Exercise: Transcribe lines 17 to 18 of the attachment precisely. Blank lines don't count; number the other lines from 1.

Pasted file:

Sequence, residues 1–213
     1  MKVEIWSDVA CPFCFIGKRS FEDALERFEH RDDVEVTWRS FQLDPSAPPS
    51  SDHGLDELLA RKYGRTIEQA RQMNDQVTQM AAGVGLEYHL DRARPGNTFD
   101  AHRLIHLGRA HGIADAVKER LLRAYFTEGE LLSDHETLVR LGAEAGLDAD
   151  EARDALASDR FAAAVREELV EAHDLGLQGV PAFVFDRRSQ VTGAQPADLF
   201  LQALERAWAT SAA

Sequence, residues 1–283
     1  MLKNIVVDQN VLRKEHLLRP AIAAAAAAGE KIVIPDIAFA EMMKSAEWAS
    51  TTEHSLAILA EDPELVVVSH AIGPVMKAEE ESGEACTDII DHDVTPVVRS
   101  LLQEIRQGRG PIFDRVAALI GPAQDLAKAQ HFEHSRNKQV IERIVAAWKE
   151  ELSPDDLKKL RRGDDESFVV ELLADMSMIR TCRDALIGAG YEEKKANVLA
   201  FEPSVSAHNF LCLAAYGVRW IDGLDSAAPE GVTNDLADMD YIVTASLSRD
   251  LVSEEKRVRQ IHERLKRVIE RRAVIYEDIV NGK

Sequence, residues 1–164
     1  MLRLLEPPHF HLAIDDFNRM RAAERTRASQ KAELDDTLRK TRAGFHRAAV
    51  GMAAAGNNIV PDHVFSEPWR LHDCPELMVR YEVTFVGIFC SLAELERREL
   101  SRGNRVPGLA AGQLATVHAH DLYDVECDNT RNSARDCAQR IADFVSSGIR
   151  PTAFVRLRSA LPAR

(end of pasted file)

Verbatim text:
   101  SRGNRVPGLA AGQLATVHAH DLYDVECDNT RNSARDCAQR IADFVSSGIR
   151  PTAFVRLRSA LPAR